Behavior Analysts Licensing Committee Legislative Update
If you wish to review any of the following Public Chapters in their entirety, please visit:
Legislative Update 2019: Board of Behavioral Analysts
This act states that an entity responsible for an AED program is immune from civil liability for personal injury caused by maintenance or use of an AED if such conduct does not rise to the level of willful or wanton misconduct or gross negligence.
This act took effect on March 28, 2019.
This act requires professionals certified or licensed under Title 63 or Title 68 to complete a suicide prevention training at least once every four years beginning January 1, 2020.
This act was signed by the governor on April 9, 2019.
This act limits the places in which one may use vapor products. The act defines vapor products and prohibits the use of such products in a number of locations including child care centers, group care homes, healthcare facilities (excluding nursing homes), residential treatment facilities, school grounds, and several other areas. Several locations have specific exceptions put forth in the statute.
This act took effect on April 17, 2019.
This act permits private businesses to adopt the Healthy Workplace policy created by TACIR, which initially only applied to government entities. However, nothing in this act creates a cause of action against an employer who does not adopt the model policy. Further, this act makes adoption of such policy permissible—not mandatory.
This act took effect April 23, 2019.
This act mandates that an agency that requires a person applying for a license to engage in an occupation, trade, or profession in this state to take an examination must provide appropriate accommodations in accordance with the Americans with Disabilities Act (ADA). Any state agency that administers a required examination for licensure shall promulgate rules in regard to eligibility criteria. This act does not apply to an examination mandated and administered pursuant to federal law. This legislation was introduced to assist individuals with dyslexia.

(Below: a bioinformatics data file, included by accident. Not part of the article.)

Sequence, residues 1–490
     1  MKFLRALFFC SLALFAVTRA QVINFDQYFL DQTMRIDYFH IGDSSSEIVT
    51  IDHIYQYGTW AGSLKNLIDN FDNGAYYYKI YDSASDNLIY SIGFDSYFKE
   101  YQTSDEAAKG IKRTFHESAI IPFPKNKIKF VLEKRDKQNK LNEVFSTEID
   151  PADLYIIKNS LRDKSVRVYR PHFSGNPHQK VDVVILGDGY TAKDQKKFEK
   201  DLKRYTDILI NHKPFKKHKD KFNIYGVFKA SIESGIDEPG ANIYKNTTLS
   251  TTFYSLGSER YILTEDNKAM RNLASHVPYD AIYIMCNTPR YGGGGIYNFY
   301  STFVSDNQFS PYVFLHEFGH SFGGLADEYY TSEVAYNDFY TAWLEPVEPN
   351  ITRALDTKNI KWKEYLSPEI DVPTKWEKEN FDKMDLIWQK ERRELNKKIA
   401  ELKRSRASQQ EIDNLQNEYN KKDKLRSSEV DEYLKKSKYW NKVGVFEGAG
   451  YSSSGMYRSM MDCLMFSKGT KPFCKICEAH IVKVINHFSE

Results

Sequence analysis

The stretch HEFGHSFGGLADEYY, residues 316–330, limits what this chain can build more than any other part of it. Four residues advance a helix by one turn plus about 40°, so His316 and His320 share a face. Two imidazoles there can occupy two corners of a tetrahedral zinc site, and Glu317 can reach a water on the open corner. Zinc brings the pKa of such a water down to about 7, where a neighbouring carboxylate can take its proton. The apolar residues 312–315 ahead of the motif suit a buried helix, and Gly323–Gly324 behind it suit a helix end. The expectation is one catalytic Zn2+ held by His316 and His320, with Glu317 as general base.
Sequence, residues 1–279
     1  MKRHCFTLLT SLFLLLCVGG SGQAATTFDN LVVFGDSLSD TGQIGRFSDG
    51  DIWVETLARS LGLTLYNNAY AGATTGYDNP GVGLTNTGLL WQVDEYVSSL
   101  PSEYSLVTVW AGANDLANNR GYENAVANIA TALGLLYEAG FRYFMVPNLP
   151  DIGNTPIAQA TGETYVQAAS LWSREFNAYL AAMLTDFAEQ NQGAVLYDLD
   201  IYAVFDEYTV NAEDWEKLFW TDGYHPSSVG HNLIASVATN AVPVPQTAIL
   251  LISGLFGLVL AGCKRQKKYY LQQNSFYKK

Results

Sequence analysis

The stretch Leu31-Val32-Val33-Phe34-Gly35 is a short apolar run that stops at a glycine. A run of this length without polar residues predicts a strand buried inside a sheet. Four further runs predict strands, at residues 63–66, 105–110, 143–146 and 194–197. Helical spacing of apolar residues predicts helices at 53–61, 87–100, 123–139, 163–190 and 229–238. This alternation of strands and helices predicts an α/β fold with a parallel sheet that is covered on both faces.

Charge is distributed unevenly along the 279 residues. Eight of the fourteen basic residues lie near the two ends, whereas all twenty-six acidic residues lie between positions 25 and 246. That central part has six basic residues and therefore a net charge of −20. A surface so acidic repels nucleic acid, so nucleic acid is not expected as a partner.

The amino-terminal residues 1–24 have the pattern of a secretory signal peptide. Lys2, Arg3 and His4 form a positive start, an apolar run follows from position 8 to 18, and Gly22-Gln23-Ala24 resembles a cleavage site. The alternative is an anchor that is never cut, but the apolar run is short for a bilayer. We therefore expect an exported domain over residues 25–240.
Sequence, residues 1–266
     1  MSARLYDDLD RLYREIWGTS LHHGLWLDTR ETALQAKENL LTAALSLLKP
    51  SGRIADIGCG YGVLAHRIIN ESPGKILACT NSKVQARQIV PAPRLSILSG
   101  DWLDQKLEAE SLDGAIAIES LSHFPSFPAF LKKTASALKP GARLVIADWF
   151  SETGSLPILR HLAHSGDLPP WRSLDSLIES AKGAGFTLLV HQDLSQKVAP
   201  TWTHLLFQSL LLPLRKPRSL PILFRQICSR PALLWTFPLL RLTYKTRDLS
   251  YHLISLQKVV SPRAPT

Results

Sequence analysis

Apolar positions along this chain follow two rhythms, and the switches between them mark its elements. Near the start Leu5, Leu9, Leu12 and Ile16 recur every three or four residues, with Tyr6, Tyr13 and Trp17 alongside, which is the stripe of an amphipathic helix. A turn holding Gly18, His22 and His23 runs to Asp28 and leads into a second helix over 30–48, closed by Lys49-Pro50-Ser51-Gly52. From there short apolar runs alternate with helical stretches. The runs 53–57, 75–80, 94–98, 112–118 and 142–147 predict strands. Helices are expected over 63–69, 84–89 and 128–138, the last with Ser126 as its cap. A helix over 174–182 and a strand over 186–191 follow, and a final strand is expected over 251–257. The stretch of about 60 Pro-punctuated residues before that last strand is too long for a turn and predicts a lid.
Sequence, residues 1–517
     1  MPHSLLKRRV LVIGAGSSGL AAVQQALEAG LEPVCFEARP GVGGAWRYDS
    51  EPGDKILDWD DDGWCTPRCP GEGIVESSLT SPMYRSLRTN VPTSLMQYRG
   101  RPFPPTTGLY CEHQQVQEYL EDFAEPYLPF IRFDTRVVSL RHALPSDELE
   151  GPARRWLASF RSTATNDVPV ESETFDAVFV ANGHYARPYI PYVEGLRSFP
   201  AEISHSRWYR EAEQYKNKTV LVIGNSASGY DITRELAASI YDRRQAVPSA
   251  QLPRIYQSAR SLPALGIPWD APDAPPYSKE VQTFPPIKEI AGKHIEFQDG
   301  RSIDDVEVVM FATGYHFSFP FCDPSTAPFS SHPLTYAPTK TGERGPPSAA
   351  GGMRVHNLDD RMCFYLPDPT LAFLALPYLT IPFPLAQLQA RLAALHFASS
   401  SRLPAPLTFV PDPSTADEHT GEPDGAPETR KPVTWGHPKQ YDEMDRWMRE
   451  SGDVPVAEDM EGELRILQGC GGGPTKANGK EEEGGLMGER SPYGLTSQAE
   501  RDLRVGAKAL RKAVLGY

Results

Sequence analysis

This act took effect May 2, 2019 for the purpose of promulgating rules, and for all other purposes, takes effect July 1, 2020.
The act permits a medical professional who has a current license to practice from another state, commonwealth territory, or the District of Columbia is exempt from the licensure requirements of such boards if: (1) the medical professional is a member of the armed forces; and (2) the medical professional is engaged in the practice of the medical profession listed in 68-1-101 through a partnership with the federal Innovative Readiness Training. The respective health boards may promulgate rules for implementation.
This act took effect April 18, 2019 for the purpose of promulgating rules, and for all other purposes, takes effect July 1, 2019.
This act allows a licensed nonresidential office-based opiate treatment facility to employ or contract with a physician if: (1) the facility has a physician in the ownership structure; and (2) the employment relationship is evidenced by a written contract. The contract must contain language that does not restrict a physician from exercising independent professional medical judgement in regard to his/her patients.
This act took effect April 30, 2019.
This act creates civil liability for the unlicensed practice of psychotherapy. A provider must have a license under Title 63 in order to treat a mental health disorder and practice without a license is illegal. Several exemptions are listed in the act. The act does not expand or restrict the scope of practice for any person holding a license under title 63.
This act was goes into effect July 1, 2019.
This act permits law enforcement agencies to subpoena materials and documents pertaining to an investigation conducted by the Department of Health prior to formal disciplinary charges being filed against the provider. This bill was brought by the Tennessee Bureau of Investigation.
This act went into effect May 22, 2019.
This act establishes a grant program to assist sheriffs required to transport persons to a hospital or treatment resource for emergency mental health transport. A sheriff may contract with one or more third parties in order to facilitate the transportation discussed above, and may reimburse such third parties with money received from the grant program. If telehealth services are offered by a hospital or treatment center, it may elect to conduct an evaluation for admission via telehealth. The department of finance and administration, the department of mental health and substance abuse, and the division of TennCare shall develop and implement the grant program.
This act is awaiting signature by the governor and will go into effect July 1, 2019.